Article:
Laparoscopic bilateral salpingo-oophorectomy and removal of cervix uteri (sarcoma uteri)1 (0.3)
Scar correction3 (1.0)
Umbilical hernia repair1 (0.3)
Tension-free vaginal tape procedure2 (0.6)

New symptoms following hysterectomy

Fifty-three (22%) women reported experiencing new symptoms following their hysterectomy, with the majority of symptoms appearing to relate to the menopause (vasomotoric symptoms, vaginal dryness, depression and gained weight) (Table 5).

Table 5.  New symptoms reported following the hysterectomy
New symptomsn (%)
Changes related to urination and/or defecation9 (3.8)
Vasomotor symptoms5 (2.1)
Vaginal discharge5 (2.1)
Vaginal dryness5 (2.1)
Pelvic pain5 (2.1)
Other (dyspareunia, depression, gained weight, reduced libido, cystitis, candida infection and fear of cervical cancer)24 (10.0)

Satisfaction with surgery

Almost all women reported being satisfied (20%) or very satisfied (70%) with the hysterectomy. Women who reported having a new symptom following their hysterectomy were less likely to report being very satisfied (OR 0.20, 95% CI: 0.10–0.38), as were women who had repeated surgery following their hysterectomy (OR 0.06, 95% CI: 0.01–0.53). Women who reported being satisfied with the preoperative information were more likely to report being very satisfied with the hysterectomy (OR 3.31, 95% CI: 1.78–6.15).

Discussion

  1. Top of page
  2. Abstract
  3. Introduction
  4. Methods
  5. Results
  6. Discussion
  7. Conclusion
  8. Contribution to authorship
  9. Details of ethics approval
  10. Research governance
  11. Funding
  12. Acknowledgements
  13. References

This is the first large study to report both the occurrence of long-term outcomes following LSH as well as the impact that these outcomes have on women’s experiences. The occurrence of continued menstrual bleeding in our study is high compared with the results of previous studies.6,7,11–13 This may partly be explained by different definitions of ‘vaginal bleeding’ in the different reports. We have included both regular and irregular bleeding as well as bleeding related to sexual activity in our study, whereas some previous studies have only reported the occurrence of vaginal bleeding on a regular monthly basis.6,12,13 When we only included regular bleeding in our analysis, the proportion decreased from 24 to 8%. Moreover, others included regular and irregular bleeding after the hysterectomy, but did not report bleeding related to sexual activity.7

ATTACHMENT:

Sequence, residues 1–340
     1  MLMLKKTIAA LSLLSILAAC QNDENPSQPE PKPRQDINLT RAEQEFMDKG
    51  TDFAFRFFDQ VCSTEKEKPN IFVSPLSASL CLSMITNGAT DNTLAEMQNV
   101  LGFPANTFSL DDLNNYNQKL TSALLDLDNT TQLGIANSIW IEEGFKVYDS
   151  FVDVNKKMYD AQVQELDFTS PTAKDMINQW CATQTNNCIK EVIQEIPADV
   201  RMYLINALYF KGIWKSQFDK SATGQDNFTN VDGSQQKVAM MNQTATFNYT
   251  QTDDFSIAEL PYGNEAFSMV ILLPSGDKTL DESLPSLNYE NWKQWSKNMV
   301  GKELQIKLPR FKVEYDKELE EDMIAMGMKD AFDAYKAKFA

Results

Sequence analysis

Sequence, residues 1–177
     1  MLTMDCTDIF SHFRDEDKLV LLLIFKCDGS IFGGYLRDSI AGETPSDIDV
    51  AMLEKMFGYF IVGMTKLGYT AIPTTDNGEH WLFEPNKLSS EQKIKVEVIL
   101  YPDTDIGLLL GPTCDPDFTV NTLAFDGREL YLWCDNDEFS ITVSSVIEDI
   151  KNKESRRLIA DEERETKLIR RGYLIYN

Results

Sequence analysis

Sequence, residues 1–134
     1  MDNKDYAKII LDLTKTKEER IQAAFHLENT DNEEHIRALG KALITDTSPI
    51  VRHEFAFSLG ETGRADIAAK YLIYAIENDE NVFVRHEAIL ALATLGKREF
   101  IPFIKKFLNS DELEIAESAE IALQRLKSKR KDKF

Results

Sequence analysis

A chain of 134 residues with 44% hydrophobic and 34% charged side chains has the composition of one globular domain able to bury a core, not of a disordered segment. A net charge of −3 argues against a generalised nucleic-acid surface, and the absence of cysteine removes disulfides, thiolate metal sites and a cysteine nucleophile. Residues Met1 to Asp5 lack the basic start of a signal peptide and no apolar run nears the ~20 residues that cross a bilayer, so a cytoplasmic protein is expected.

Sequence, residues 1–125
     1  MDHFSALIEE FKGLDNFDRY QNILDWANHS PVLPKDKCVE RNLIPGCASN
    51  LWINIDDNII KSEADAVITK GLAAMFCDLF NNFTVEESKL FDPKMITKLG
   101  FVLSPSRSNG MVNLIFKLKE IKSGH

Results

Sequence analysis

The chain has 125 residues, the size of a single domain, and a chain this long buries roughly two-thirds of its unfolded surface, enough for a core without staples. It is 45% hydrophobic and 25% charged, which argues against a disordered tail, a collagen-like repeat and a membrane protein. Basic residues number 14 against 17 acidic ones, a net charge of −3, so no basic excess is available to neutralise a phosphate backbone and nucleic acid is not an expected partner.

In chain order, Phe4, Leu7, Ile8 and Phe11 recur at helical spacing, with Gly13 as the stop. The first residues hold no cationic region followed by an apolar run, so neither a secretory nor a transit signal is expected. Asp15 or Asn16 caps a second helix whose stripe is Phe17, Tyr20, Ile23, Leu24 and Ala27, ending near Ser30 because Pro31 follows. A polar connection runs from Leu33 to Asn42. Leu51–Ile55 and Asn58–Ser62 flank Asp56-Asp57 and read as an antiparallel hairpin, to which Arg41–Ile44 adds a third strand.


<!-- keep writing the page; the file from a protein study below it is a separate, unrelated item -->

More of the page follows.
Poor surgical technique resulting in uterine amputation above the level of the internal cervical ostium has been suggested as a cause of the high occurrence of vaginal bleeding following LSH.6 The results of our study, showing a significantly higher rate of postoperative vaginal bleeding in patients treated by less experienced surgeons, support this assertion. It is also possible that more meticulous destruction of any remaining endometrium by electrocoagulation of the cervical canal following the amputation is carried out by experienced surgeons. However, this remains to be demonstrated. Although we did not collect data relating to surgeon experience and complexity of hysterectomy, it is likely that the more experienced surgeons undertook the more complex hysterectomies and therefore, we may be underestimating the increased risk of continued menstrual bleeding that occurs with less experienced surgeons.

Although around one-quarter of women in our study reported continued vaginal bleeding, they rarely found the bleeding to be bothersome, and it did not affect their overall satisfaction with the hysterectomy, despite our finding that 50% of the women were not aware of the possibility of persistent bleeding. Since we also found that women who reported heavy bleeding prior to their hysterectomy were more likely to experience bleeding after surgery, it is likely that this residue bleeding represents a vast improvement from their preoperative state and therefore creates minimal bother. Indeed, only 7% of women with continued vaginal bleeding had repeated surgery. This proportion is modest compared with the results presented by Okaro et al., in which all women with cervical stump symptoms underwent repeated surgery.7

The proportion of women who reported suffering from preoperative menstrual pain in this study was relatively high, with almost half of the women reporting pain as a reason for hysterectomy. Although the postoperative pelvic pain was reduced after the procedure, a relatively large proportion of women, particularly those with endometriosis, reported continued pain. These results are similar to those previously reported by Ewen and Sutton.19 It has been suggested that LSH may be an inappropriate procedure in the presence of preoperative pelvic pain and/or endometriosis due to the risk of persistent pelvic pain, with some authors stating that endometriosis should be considered as a contraindication for LSH.14–16 Although the results of our study indicate a less favourable outcome following LSH in patients with endometriosis, these women did report a significant reduction in pain following their hysterectomy, and it is possible that they would not have had any greater reduction in pain if they underwent a total hysterectomy. To date, there is no evidence from randomised control trials to suggest that total hysterectomy in women with endometriosis results in greater pain reduction than subtotal hysterectomy. Furthermore, the effect of a subsequent removal of the cervix following an LSH due to pain does not appear to have been reported.